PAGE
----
How can data help drive decision-making in DEI? Jason Canales ’00 will tell you—and he’s got plenty of examples to offer.
Canales, MCLA’s assistant director of institutional effectiveness and research, is responsible for collecting and analyzing the data MCLA’s leaders need to make informed decisions—and for consulting with faculty and staff about their data and reporting needs.
When it comes to diversity, equity, and inclusion work, data is crucial. “When we look at it with a DEI focus, it lets us know where we need to put in an effort. Where are we falling short? Are we doing what we say we do as an institution?” he said.
Information about graduation rates, for example, can tell a story—“we’re really trying to dig into demographic differences, and we have historically seen differences in populations, like our Pell Grant-eligible students and students of color not achieving at the same rates as their peers,” Canales said.
Nationally, non-white populations are growing, and soon, the demographic makeup of high school students will be different, requiring colleges to employ different methods to make sure students succeed. “It’s important to look at those things for students today and in the future,” Canales said. “It’s not only a moral obligation for us that all students should achieve—it’s something we have to do.”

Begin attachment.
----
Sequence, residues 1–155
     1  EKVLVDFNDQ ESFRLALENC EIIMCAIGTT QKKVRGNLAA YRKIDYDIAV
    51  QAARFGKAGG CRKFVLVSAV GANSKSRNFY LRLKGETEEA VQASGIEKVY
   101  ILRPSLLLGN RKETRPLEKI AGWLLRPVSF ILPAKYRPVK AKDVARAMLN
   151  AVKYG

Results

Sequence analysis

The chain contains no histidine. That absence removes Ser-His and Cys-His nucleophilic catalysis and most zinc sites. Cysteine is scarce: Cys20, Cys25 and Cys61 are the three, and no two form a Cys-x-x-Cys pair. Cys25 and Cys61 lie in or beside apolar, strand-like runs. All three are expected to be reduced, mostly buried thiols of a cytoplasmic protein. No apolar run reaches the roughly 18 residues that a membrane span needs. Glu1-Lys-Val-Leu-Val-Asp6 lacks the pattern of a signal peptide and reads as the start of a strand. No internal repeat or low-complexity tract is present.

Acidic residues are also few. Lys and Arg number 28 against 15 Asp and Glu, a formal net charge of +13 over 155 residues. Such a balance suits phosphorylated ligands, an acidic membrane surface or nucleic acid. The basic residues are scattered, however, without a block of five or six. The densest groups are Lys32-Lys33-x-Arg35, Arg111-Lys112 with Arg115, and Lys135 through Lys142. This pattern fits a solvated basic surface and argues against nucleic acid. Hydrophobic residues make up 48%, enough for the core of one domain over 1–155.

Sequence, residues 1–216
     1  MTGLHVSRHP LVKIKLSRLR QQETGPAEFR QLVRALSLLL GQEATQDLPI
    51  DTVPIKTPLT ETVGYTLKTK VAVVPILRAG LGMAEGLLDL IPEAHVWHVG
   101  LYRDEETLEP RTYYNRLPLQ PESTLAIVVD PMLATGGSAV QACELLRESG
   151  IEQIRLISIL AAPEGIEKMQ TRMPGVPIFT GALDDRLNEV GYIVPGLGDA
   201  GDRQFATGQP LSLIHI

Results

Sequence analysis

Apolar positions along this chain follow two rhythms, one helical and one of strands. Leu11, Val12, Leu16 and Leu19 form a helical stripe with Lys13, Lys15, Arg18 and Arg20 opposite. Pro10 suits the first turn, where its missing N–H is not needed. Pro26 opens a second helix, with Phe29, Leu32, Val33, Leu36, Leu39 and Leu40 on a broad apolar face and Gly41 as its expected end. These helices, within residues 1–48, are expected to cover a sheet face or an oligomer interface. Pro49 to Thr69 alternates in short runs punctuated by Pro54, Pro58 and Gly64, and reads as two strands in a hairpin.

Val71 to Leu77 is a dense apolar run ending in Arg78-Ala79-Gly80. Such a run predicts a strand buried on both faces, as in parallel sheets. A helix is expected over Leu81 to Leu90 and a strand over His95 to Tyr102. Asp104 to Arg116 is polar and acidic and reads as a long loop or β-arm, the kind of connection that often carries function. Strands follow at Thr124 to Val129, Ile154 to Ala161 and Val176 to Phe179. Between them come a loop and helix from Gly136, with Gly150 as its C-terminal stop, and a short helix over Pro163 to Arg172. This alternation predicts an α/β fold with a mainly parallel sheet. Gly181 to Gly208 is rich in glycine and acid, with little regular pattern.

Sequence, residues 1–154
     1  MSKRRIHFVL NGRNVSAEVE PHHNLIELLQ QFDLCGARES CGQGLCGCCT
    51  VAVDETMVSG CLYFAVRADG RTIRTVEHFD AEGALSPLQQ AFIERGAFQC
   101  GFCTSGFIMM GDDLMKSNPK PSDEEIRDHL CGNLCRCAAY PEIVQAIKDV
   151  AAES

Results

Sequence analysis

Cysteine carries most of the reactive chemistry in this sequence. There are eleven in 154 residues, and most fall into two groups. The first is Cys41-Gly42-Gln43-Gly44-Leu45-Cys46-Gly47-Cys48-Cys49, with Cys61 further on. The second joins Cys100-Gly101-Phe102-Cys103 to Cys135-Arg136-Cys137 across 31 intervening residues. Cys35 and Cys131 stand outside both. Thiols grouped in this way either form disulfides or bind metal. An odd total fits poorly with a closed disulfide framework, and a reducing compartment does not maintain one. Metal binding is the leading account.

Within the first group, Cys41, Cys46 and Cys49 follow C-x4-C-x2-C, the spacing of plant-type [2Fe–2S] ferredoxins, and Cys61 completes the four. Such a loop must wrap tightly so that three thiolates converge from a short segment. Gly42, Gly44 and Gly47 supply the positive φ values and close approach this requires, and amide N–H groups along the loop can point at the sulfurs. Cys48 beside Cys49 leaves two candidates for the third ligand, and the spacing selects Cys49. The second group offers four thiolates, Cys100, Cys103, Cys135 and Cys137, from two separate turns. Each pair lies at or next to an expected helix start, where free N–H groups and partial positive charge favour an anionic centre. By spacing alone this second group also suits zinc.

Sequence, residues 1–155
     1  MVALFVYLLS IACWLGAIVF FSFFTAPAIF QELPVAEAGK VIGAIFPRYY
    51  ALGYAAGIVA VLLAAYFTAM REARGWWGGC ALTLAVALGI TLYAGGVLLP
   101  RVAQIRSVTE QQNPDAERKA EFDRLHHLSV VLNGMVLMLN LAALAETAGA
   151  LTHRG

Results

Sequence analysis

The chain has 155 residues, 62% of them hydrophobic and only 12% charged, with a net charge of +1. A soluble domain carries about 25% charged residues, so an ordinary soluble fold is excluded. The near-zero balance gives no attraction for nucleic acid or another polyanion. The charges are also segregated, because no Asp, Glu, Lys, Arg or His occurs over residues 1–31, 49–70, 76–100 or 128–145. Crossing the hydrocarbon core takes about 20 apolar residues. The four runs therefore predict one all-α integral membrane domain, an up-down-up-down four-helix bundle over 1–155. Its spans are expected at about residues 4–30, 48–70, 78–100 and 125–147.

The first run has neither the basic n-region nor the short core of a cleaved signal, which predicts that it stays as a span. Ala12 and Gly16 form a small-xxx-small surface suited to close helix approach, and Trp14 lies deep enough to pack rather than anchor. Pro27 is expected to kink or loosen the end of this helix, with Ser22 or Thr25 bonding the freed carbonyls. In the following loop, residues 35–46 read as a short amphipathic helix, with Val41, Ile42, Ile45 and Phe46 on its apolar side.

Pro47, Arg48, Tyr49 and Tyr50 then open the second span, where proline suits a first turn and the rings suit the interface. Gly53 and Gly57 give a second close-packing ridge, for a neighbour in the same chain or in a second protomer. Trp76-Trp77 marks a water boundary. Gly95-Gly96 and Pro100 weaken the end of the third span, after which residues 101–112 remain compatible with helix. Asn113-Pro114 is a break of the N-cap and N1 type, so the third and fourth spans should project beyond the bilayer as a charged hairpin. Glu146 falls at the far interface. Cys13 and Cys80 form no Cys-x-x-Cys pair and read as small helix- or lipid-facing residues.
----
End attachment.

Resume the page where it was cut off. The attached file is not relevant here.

That obligation goes beyond MCLA’s own campus. The College is a member of Bridgewater State University’s Leading for Change Racial Equity and Justice Institute (REJI), which works to identify data-informed strategies intended to close racial educational equity gaps on our campuses and across higher education. REJI member institutions meet on their own and as a larger group in order to learn, share data, and discuss trends.
MCLA’s REJI group is in the first stages of this work, using data to identify equity gaps and strategize around how to close them. The group isn’t just looking at numbers, though—it also uses qualitative data to reveal trends and solutions. “We know, for example, not as many Black students who come to MCLA are graduating within four years—but many are. We want to find out why they stayed, what happened that helped them along their journey as a student,” Canales said.
For Canales, these numbers also represent the depth and breadth of individual college students and the challenges and opportunities they face. “Each of those data points is someone,” he said. “I’m not just presenting numbers. I’m presenting a story about someone’s experience.”
Making sure all those individuals have what they need on their academic journey is at the core of MCLA’s mission, and Canales keeps this in mind. “I am a graduate of MCLA, and I want to see it here for the next 125 years, so that others can get the same thing from MCLA that I got,” he said. “In my mind, every student that walks on this campus should walk across that stage.”